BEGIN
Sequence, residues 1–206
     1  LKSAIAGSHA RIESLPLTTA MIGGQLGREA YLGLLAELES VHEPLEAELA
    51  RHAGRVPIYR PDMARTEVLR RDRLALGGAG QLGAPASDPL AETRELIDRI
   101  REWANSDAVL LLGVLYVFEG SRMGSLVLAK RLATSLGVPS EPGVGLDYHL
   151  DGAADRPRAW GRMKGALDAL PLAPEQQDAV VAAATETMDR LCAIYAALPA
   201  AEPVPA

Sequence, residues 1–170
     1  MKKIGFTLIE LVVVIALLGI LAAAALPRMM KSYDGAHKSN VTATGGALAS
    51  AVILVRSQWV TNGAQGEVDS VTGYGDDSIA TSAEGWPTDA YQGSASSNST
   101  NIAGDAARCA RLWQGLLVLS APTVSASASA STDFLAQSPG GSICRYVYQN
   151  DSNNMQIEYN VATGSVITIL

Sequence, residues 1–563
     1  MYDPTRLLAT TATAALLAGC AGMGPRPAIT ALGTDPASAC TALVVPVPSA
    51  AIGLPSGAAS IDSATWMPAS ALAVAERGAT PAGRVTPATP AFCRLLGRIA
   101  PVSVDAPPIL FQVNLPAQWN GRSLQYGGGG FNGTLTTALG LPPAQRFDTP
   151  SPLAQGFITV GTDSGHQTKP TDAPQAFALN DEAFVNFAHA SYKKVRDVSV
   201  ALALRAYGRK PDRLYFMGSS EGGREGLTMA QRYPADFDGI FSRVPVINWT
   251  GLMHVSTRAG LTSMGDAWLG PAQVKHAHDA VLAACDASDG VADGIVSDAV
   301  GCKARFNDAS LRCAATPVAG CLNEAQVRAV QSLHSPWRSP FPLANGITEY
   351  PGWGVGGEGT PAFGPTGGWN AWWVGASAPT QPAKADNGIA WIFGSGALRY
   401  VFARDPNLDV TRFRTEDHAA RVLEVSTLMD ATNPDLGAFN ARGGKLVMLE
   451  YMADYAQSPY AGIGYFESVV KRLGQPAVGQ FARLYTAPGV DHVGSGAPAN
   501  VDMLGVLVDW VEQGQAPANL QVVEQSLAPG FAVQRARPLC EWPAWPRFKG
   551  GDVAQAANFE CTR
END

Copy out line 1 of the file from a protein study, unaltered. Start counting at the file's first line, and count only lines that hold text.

Sequence, residues 1–206